A professor examines why her students seem to act so helpless (essay)

This essay on college students acting helpless (Chronicle of Higher Education) struck a few chords.

I put a lot of time into writing my course policies and assignment instructions. The students who want to know how they can earn a 99 instead of a 95 invariably ask really good questions that arise from their close scrutiny of those documents; on the other end of the scale, however, I do get a fair share of questions that students could easily answer themselves if they simply looked it up.

It’s a different matter entirely for freshman in their first few weeks of college. They are often so overwhelmed that I try to respond helpfully to anything they say — even if my response is “That’s not an appropriate question,” which is what I told the sweaty student-athlete asking to be excused so that he could shower after his workout.

And sometimes there’s little I can do to help, as in the case of the student who sent me a two-word email — “I’m confused,” but didn’t respond when I asked her what was confusing her — some lesson content, trouble developing a skill, unclear assignment instructions or course policies, a software or hardware problem, or what? She sent the “I’m confused” message more than once, but was always busy during my office hours, and every day for four weeks she was unable to offer a single open slot in her schedule. On a day when I scheduled in-class consultations, she didn’t show up; and when I suggested that she bring a bag lunch to my office and we could talk things over informally, she said it was unreasonable for me to expect her to sacrifice her lunch break. (Alrighty then.)

My boilerplate syllabus includes one no-questions-asked “free absence,” and students usually get two no-questions-asked one-day “late pass” extensions. (Both policies are subject to certain restrictions, which are, of course, described in the syllabus.) Students emailing me from the ER or from the side of the road where their car is in a ditch may be understandably flustered, so I don’t overwhelm them with details (and of course I don’t require them to contact me *during* emergencies). As long as they know the syllabus grants them some reasonable wiggle room, they don’t need to spend the ambulance ride sending me snapshots of their bloody digits.

In between the students facing legitimate emergencies and the students seeking affirmation, there’s a big range of queries of varying degrees of legitimacy.

When a student sees me in the hallways and asks me something perfectly reasonable — such as “When is our final project due?” or “What is the reading assignment for next week?” the truth is that I usually don’t have that information memorized. I might well be teaching more than one class, and my brain just doesn’t store that the term paper in my 200-level lit class is due April 30 and the term paper in my freshman writing course is due May 2 and the term paper in my 300-level media class is due April 22. I might assure the students that I know I put the date on the calendar, and in the first week or so of classes, I might say, “Show me how you would find the answer to that question,” but to answer that question in the halls between classes, I’d have to pull out a laptop or mobile device, log in to the course management system, and check the assignment calendar — something the students can do just as well as I can.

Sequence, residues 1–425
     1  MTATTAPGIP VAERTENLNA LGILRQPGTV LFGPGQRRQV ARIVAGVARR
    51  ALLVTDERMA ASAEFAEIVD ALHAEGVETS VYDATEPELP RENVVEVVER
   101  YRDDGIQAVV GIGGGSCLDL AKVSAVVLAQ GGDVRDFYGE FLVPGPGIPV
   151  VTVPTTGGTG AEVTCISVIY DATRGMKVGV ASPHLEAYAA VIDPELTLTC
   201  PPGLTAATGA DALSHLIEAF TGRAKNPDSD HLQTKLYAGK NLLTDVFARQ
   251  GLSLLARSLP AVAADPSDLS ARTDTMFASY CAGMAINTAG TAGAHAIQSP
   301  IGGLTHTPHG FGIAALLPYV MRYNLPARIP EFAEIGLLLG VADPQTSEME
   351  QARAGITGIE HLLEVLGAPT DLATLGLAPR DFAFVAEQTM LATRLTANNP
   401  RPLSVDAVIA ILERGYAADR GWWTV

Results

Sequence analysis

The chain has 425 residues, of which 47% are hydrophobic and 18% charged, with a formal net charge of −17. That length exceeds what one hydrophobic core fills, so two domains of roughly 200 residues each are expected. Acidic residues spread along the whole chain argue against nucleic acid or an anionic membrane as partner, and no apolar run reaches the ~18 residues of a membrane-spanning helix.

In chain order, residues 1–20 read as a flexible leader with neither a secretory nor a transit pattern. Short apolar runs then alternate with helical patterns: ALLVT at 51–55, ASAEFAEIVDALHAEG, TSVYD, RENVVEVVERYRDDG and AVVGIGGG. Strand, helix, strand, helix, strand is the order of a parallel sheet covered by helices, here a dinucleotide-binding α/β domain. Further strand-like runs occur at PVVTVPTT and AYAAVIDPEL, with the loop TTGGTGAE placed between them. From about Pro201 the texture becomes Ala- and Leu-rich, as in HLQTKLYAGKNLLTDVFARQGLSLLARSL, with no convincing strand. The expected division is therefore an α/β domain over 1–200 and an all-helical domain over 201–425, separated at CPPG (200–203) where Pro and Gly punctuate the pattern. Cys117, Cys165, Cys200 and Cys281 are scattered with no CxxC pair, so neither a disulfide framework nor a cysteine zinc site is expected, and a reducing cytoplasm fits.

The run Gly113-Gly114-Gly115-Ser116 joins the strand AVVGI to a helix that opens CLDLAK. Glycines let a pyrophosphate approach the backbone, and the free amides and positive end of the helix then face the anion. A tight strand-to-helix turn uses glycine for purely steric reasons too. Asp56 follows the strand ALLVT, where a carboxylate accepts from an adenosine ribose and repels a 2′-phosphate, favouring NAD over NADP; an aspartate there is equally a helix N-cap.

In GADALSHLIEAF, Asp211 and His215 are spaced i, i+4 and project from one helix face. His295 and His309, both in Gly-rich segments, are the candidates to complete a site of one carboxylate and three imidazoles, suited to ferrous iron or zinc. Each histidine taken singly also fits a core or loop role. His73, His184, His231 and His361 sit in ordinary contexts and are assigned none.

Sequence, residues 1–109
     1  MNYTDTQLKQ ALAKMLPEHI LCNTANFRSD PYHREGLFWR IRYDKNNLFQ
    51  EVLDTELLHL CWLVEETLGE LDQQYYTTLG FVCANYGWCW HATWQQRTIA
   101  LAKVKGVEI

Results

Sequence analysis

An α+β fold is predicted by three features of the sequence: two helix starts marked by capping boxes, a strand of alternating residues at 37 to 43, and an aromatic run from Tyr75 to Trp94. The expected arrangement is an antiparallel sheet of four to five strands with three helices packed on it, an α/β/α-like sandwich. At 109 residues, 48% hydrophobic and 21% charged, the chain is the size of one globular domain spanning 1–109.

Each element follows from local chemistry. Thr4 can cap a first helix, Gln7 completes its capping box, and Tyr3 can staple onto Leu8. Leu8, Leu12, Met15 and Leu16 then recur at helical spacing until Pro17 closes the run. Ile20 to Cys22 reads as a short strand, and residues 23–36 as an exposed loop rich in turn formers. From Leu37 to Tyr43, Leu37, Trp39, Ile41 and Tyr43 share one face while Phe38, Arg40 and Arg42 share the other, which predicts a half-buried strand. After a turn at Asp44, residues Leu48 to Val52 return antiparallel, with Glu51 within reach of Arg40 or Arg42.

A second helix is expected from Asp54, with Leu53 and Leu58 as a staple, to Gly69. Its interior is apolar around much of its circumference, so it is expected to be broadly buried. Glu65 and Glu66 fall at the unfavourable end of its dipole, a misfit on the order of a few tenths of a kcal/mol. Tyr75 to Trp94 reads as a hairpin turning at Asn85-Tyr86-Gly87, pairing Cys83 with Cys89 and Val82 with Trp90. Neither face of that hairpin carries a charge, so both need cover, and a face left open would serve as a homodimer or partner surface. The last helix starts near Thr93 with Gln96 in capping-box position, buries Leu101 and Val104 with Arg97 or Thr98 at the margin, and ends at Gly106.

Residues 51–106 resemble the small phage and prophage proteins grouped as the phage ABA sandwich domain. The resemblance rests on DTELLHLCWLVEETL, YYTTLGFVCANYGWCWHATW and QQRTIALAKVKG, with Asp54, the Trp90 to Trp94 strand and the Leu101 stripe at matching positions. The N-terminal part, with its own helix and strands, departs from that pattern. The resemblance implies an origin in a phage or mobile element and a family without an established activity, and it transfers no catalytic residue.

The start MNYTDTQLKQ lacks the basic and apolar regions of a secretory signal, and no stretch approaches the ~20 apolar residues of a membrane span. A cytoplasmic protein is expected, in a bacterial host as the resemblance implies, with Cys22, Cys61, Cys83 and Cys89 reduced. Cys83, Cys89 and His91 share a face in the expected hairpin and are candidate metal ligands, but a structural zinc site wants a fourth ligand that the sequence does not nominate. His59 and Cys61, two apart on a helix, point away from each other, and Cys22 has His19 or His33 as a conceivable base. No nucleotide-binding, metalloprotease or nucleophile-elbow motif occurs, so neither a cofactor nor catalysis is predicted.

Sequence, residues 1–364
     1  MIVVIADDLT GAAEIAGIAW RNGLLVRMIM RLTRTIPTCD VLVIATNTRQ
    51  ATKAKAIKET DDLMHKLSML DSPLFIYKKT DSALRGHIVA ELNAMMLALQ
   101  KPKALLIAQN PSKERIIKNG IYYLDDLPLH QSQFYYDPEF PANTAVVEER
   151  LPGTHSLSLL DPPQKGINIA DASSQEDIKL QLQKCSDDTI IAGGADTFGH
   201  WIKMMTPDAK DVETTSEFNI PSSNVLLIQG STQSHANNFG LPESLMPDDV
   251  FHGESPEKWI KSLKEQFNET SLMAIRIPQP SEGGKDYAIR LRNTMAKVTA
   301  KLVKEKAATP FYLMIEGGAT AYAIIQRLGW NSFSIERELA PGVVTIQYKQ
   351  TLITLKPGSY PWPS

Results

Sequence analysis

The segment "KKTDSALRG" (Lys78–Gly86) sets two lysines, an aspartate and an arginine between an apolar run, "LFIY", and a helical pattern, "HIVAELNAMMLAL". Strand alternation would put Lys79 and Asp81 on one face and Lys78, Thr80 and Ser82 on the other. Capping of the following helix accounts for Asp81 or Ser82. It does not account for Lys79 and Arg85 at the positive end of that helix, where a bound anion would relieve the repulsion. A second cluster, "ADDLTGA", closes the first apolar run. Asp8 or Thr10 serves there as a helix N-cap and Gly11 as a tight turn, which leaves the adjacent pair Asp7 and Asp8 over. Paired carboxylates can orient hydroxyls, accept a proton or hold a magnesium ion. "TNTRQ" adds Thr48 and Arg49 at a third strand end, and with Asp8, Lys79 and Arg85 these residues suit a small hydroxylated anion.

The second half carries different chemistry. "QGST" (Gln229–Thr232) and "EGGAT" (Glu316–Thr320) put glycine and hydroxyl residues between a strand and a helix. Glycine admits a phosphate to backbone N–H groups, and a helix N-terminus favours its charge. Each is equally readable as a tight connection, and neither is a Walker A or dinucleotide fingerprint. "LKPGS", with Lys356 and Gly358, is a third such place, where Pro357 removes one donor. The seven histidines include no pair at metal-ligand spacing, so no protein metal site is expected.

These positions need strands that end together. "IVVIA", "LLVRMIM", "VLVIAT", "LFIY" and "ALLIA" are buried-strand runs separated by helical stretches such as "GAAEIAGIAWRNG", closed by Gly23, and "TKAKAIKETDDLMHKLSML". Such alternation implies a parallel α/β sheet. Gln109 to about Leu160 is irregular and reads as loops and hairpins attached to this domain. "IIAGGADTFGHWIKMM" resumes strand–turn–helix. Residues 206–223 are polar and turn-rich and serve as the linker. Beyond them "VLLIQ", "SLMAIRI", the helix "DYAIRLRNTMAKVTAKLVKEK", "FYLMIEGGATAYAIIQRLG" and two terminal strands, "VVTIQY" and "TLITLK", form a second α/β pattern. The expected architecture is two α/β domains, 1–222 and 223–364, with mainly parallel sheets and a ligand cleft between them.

I once had a student say “I didn’t do the homework because I didn’t know whether you posted the instructions on the course blog or in the discussion forum.” Leaving aside the fact that I had announced this in class, in an email, and in the syllabus, a reasonably responsible person who is legitimately confused about whether the answer was behind THIS door THAT door could simply check both doors.

I knew that the student owned the book, because I had seen her with it in class, and in fact, she had told me she was enjoying the reading. However, when it was time for her to do an assignment on the playwright … well, she was stumped. She just didn’t know his name. I had to explain to her, carefully, and with what I hope was compassion, that if she hadn’t picked up his name in the class discussions so far (or, I was thinking, in the course syllabus and calendar), then she could always try looking on the front cover of the book. —Inside Higher Ed